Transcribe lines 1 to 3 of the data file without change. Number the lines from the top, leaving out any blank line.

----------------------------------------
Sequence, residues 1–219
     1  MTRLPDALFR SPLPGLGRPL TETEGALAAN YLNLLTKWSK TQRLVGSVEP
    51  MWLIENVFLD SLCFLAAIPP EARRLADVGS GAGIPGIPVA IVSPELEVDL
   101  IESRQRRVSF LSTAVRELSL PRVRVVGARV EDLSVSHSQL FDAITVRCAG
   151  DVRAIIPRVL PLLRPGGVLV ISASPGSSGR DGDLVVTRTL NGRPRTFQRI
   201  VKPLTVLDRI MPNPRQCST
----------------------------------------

Sequence, residues 1–219
     1  MTRLPDALFR SPLPGLGRPL TETEGALAAN YLNLLTKWSK TQRLVGSVEP
    51  MWLIENVFLD SLCFLAAIPP EARRLADVGS GAGIPGIPVA IVSPELEVDL